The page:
1. Once a week, indulge in a high-calorie-tasting, but low-calorie, treat. This should help keep you from feeling deprived and binging on higher-calorie foods. For instance:
• Lobster. Just 83 calories in 3 ounces.
• Shrimp. Just 60 calories in 12 large.
• Smoked salmon. Just 66 calories in two ounces. Sprinkle with capers for an even more elegant treat. • Whipped cream. Just 8 calories in one tablespoon. Drop a dollop over a bowl of fresh fruit for dessert.
2. Treat high-calorie foods as jewels in the crown. Make a spoonful of ice cream the jewel and a bowl of fruit the crown. Cut down on the chips by pairing each bite with lots of chunky, filling fresh salsa, suggests Jeff Novick, director of nutrition at the Pritikin Longevity Center & Spa in Florida. Balance a little cheese with a lot of salad.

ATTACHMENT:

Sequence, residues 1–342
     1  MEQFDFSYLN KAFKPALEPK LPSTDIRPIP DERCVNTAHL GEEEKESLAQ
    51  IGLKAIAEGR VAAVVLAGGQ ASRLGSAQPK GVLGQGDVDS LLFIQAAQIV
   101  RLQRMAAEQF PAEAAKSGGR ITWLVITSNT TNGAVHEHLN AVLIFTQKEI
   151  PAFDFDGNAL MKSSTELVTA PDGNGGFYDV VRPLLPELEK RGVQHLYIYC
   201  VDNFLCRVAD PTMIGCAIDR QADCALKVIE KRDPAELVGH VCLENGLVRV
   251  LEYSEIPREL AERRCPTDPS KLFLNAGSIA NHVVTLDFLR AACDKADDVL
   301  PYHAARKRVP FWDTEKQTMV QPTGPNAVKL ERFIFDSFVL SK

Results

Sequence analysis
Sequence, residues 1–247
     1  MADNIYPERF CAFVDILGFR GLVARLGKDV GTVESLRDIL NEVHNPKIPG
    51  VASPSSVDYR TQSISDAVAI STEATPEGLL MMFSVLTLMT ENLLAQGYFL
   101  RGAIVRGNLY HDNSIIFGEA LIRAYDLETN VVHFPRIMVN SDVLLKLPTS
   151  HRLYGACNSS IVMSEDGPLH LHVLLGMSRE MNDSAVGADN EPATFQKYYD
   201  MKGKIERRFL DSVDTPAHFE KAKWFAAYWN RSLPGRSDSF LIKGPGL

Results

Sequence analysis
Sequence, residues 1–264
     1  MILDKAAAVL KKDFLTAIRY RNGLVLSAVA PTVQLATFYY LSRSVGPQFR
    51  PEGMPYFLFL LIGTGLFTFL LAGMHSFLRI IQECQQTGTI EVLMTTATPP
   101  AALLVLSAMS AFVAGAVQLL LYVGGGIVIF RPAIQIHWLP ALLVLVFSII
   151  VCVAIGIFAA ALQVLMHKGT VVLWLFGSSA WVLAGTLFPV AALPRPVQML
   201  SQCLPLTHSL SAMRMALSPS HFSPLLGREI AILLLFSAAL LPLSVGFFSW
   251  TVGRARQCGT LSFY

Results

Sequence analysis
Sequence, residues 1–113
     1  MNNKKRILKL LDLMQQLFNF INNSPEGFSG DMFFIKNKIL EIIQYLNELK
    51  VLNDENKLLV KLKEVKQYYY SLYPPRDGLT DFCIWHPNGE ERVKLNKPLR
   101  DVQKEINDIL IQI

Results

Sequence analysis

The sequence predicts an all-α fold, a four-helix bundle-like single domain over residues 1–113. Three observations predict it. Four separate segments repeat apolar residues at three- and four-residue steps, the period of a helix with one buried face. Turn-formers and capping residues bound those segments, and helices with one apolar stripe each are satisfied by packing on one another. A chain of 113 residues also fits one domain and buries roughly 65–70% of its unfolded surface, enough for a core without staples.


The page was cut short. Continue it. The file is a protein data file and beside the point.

3. After breakfast, make water your primary drink. At breakfast, go ahead and drink orange juice. But throughout the rest of the day, focus on water instead of juice or soda. The average American consumes an extra 245 calories a day from soft drinks. That’s nearly 90,000 calories a year — or 25 pounds! And research shows that despite the calories, sugary drinks don’t trigger a sense of fullness the way that food does.
4. Carry a palm-size notebook everywhere you go for one week. Write down every single morsel that enters your lips — even water. Studies have found that people who maintain food diaries wind up eating about 15 percent less food than...